'Weasel words' as allies desert: Margaret Thatcher's recollections of a turbulent decade at the helm of the Conservative Party and Britain are published today: The Downfall

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The Independent Online
BARONESS THATCHER believes she was betrayed by those in her Cabinet that she 'had always considered friends and allies', writes Nicholas Timmins.

They brought her 11 years as Prime Minister to an end with 'weasel words' used to change their betrayal and desertion into 'frank advice and concern for my fate'.

Recording her final day in office, Lady Thatcher singles out Peter Lilley, 'a card-carrying Thatcherite', for refusing to help her with a speech after she failed to win on the first leadership ballot. The then Secretary of State for Trade and Industry told her private office 'he saw no point in this because I was finished'.

With Mr Lilley now seen as a right-wing standard bearer for the Thatcher revolution, she says of his refusal: 'Coming from such a source, this upset me more than I can say.'

Kenneth Clarke, then the Secretary of State for Education, was the first Cabinet member to see her as she made her final attempt to rally support. 'His manner was robust in the brutalist style he has cultivated: the candid friend,' she records.

'He said that this method of changing prime ministers was farcical and that he personally would be happy to support me for another five or 10 years. Most of the Cabinet, however, thought that I should stand down.' Contrary to persistent rumours, she claims, 'Ken Clarke at no point threatened to resign'.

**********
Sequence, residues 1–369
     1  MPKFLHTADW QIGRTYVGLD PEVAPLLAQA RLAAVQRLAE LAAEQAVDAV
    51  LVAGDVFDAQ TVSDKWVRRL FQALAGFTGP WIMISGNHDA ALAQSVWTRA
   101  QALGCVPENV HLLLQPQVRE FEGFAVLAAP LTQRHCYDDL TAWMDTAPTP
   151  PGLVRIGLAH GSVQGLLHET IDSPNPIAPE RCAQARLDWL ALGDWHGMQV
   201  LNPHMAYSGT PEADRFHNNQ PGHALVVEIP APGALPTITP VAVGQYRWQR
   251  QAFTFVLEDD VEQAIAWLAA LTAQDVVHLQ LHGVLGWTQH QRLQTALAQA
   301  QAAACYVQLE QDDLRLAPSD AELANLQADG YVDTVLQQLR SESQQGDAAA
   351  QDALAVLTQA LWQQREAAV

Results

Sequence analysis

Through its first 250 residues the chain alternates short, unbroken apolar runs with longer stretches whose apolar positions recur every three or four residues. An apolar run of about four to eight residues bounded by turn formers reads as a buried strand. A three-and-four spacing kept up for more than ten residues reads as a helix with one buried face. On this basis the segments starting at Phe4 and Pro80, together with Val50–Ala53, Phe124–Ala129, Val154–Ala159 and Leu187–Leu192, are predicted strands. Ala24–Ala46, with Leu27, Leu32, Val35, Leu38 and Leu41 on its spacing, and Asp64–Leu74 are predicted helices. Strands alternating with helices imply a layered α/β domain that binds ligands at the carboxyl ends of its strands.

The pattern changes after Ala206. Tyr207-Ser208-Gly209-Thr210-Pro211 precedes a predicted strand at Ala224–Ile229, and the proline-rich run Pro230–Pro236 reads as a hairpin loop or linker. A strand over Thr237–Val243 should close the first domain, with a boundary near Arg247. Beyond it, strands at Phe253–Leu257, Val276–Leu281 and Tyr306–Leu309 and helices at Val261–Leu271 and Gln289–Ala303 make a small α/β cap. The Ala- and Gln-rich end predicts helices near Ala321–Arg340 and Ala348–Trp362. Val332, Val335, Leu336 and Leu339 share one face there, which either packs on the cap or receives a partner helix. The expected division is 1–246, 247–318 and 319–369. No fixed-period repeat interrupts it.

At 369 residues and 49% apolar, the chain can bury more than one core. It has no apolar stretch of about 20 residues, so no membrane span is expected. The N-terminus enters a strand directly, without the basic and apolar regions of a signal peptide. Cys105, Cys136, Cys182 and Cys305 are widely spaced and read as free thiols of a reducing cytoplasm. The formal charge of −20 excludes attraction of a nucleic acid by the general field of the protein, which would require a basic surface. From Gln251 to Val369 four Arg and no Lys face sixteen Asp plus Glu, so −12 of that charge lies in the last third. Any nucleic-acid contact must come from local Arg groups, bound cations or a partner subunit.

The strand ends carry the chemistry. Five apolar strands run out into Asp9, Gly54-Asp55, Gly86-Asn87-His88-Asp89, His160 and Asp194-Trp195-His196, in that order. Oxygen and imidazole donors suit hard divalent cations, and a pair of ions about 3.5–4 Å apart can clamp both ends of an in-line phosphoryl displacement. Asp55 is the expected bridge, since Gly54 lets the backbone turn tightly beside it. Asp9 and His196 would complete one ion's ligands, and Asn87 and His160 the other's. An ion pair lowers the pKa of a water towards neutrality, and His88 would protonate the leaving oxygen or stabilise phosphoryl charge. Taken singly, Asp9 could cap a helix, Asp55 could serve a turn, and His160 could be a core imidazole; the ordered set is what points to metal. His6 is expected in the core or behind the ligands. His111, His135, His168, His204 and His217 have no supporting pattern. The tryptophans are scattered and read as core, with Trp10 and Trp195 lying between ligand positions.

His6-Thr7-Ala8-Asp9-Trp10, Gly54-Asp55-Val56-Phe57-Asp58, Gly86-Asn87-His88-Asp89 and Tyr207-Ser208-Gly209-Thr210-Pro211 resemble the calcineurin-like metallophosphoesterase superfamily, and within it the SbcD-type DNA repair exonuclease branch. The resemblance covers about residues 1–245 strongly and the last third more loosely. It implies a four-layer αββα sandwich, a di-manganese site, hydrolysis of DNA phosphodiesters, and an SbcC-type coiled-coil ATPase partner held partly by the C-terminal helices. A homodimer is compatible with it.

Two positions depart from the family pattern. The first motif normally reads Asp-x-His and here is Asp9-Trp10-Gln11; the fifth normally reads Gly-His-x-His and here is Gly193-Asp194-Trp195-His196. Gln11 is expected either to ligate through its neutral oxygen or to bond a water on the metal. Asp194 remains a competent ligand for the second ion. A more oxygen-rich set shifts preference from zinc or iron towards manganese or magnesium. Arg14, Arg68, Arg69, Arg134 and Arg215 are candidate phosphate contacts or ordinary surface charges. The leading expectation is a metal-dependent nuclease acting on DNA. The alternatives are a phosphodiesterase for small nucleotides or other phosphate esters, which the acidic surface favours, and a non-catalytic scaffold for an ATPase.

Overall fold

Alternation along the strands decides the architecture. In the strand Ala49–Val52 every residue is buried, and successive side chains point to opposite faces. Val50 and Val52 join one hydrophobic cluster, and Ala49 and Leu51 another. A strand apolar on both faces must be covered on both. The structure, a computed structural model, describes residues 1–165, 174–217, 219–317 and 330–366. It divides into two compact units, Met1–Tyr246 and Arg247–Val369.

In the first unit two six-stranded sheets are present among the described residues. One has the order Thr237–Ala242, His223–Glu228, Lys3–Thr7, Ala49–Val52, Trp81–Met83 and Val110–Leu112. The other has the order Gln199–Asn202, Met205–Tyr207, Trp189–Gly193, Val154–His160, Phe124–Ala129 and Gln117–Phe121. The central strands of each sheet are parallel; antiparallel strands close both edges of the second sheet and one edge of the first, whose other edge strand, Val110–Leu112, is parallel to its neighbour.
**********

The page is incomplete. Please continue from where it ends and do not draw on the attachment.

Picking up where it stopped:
Even sources in the Thatcher camp have hitherto endorsed Mr Clarke's own recollection that he did indeed let it be known that he would go if she stayed, and that he warned that if she went to a second ballot it would be 'like the charge of the Light Brigade'.

The others, she says, had sorted out between them a similar line - that while they personally supported her, they thought she would lose - and clung to it. After three or four interviews, Lady Thatcher says, 'I felt I could almost join in the chorus'.

Her memoirs defend many of her most controversial policies - notably the poll tax. The tax, she says, was just beginning to work and should not have been dropped.

Its abandonment means that the problems of local government 'will get worse'. Had it continued, value-added tax would not have had to rise from 15 to 17.5 per cent, she argues, and given time, 'it would have been seen as one of the most far-reaching and beneficial reforms ever made in the working of local government'.

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